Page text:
There is another major program operated by the Social Security Administration. It is called Supplemental Security Income (SSI). Basically, both programs have the same disability (i.e. medical) standard but have different financial and work history criteria. It seems similar to the Social Security insurance program, because it covers those who are 65 or above or disabled. SSI is for those who are aged, disabled or blind, and who have not had a work history. Or, if they have worked, it was only for short periods, and they have made only small employee contributions to the Social Security insurance program. To qualify, a person must also be without present income and must meet certain resource tests.

Some people can receive both SSI and Social Security, if their Social Security payments are less than the maximum SSI payment that can be paid the recipient. For example, in 2003 a person living alone could receive maximum SSI payment of $552 a month. If that person received $300 in Social Security, they would receive $272 in SSI ($552 SSI maximum, minus $300 Social Security income, plus $20 income disregard = $272 SSI). A married couple can only receive a maximum payment of $829 under SSI. Anyone who has a history of low paying jobs should ask Social Security about applying for both SSI and Social Security.

Applying for both programs can be very important because those receiving any SSI also receive Medicaid, which is a much broader medical coverage program than Medicare. Some people, depending upon their work history, may be eligible for both the Social Security insurance program and SSI.

How can I begin receiving benefits?
Receipt of Social Security benefits is not automatic. If you believe you are eligible, you should file an application by mail or in person at the nearest Social Security Administration district office. Specific times when you should contact the office include:

1. When someone in your family dies.
2. When you are unable to work because of injury or illness expected to last a year or more.
3. When you are 62 or older and plan to retire.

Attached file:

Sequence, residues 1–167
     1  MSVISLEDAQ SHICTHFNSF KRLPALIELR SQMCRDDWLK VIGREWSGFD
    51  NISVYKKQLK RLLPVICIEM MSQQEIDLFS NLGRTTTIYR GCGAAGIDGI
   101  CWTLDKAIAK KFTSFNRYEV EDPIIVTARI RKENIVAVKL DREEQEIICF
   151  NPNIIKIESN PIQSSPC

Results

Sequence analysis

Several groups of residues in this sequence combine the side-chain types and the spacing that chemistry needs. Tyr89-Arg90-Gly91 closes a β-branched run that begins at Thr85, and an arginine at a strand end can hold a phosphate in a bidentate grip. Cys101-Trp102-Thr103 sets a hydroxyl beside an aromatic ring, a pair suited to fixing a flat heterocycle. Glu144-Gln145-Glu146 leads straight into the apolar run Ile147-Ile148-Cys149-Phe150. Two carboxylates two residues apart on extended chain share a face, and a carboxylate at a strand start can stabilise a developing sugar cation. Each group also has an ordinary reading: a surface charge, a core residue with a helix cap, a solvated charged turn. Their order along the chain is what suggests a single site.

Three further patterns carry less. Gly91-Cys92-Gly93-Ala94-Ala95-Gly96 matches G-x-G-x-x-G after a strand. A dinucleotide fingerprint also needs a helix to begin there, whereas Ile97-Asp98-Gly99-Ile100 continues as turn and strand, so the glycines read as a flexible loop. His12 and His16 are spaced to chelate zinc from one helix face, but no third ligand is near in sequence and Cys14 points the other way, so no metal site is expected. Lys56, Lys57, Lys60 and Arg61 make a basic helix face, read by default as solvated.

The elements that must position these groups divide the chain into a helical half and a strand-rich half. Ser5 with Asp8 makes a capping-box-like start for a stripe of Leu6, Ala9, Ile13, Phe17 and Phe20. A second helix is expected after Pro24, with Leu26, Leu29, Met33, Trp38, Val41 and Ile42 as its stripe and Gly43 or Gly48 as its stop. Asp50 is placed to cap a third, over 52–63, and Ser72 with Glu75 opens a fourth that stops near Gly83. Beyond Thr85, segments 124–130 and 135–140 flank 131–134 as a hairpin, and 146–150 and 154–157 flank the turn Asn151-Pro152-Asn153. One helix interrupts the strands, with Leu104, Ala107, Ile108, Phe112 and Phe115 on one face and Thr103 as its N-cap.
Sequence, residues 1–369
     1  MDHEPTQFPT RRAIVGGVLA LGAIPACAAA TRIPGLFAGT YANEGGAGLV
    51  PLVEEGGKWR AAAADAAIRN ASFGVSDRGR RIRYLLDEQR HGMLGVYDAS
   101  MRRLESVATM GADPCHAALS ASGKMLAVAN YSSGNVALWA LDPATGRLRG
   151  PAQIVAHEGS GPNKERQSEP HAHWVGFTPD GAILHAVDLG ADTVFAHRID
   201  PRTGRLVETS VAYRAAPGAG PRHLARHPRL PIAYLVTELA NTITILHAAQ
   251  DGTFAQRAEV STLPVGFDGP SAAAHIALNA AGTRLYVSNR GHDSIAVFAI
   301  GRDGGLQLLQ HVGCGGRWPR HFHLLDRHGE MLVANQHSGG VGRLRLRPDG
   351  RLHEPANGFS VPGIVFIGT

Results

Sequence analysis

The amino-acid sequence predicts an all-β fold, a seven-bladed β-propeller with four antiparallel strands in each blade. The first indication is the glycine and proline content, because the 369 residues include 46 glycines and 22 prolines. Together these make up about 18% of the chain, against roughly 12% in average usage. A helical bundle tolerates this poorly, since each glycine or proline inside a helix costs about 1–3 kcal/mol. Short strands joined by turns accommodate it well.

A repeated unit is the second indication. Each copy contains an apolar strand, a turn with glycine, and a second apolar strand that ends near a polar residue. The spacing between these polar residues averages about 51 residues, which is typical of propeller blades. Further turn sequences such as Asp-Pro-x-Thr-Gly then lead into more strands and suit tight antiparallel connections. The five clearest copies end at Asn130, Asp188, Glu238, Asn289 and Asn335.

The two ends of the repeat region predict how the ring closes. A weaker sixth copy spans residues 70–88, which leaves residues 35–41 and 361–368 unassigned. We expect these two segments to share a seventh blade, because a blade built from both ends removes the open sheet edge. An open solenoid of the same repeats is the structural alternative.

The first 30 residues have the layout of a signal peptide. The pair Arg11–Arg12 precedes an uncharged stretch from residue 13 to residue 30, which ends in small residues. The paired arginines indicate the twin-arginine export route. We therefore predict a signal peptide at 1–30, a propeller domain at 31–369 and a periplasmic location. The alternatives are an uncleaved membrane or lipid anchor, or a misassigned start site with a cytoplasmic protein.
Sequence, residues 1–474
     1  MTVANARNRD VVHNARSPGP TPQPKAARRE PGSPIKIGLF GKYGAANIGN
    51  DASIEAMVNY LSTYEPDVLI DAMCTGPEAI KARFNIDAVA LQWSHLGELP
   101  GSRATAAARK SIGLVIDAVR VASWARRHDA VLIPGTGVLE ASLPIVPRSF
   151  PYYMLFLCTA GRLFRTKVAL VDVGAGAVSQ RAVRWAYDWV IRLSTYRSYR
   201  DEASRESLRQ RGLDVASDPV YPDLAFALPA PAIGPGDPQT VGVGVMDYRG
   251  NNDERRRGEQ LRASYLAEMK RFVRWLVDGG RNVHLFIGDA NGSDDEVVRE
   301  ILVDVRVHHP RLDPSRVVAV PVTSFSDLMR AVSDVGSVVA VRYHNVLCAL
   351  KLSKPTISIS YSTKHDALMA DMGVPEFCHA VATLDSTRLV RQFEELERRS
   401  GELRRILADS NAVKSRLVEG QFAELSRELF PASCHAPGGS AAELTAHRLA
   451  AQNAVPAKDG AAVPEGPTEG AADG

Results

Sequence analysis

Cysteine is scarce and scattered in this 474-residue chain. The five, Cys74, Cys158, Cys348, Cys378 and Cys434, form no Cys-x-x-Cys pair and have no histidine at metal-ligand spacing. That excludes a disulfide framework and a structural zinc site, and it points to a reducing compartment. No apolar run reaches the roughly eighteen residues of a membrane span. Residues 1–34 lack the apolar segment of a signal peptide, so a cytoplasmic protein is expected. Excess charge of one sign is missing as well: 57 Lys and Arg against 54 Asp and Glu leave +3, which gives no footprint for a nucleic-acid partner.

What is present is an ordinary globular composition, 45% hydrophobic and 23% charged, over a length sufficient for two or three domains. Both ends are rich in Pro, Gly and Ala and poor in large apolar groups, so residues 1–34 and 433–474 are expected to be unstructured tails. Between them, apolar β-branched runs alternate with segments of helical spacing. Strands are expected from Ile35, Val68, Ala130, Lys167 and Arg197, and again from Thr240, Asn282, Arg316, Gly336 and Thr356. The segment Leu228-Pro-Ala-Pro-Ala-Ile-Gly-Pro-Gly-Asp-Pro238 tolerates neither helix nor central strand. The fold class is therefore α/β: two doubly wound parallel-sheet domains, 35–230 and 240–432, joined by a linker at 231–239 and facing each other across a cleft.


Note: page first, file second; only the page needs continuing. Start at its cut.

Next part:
4. When you are within three months of age of 65, even if you do not plan to retire.

What if my application is denied?
If your application is denied, and you think the decision is wrong, you should appeal. Some people make the mistake of just starting over again with a new application. This is a mistake. Your date of application is important as it sets the date of your eligibility for benefits. You have 60 days from the date of a denial to file an appeal. There are three levels of appeal at the administrative level and two further levels of appeal within the federal court system. This means that if your initial application has been denied, you may ask for a reconsideration. If the reconsideration is denied, you may request a hearing by an administrative law judge at the Office of Hearings and Appeals.

At any point, but especially before you try to present your case to an administrative law judge, it is advisable to consult with a private attorney, an advocate or a legal services program which provides services to low-income people.

At a hearing before an administrative law judge, it may be necessary to present complicated medical evidence. It is also important that this first hearing be properly handled in the event a later appeal to federal court is necessary.

An attorney or advocate familiar with Social Security law and practice will be able to assist you in making sure your case is presented and handled as it should be to best benefit you. If the administrative law judge’s decision is unsatisfactory, you may request review by the appeals council. And, if you are still not satisfied, you may then take your case to federal court.

The Social Security office can explain how you may appeal and will assist you in getting your claim reconsidered or in requesting a hearing. There is no charge for any of the appeals before the Social Security Administration. However, if you choose to have a private attorney represent you, the private attorney will charge a fee which is limited and subject to approval by the Social Security Administration. However, if a Legal Services Program accepts your case, under their eligibility guidelines, no fee is charged for their services.

How can I find the nearest Social Security office?
Look in your telephone directory under Social Security Administration or ask at your post office. In addition to handling applications for benefits, your Social Security office will be able to provide you with additional information about benefits and requirements.

How can I locate a lawyer to assist me?
If you do wish to consult with a lawyer about a problem with Social Security, and you do not know a lawyer or know how to locate one to assist you, you may contact the State Bar’s Legal Resources for the Elderly Program toll free: (800) 876-6657 or in Albuquerque: 797-6005 for residents age 55 and older. For residents below age 55 you may contact the State Bar’s general referral program toll free: (800) 876-6227 or in Albuquerque 797-6066.

Special Note - This information has been issued to inform and not to advise. It is based on New Mexico law in effect at the time of writing. The statements are general and individual facts in any given situation may alter their application or involve other laws not referred to here. You should always seek advice from an attorney if any questions arise. This document is intended as a public service and is not an endorsement of any attorney or law firm.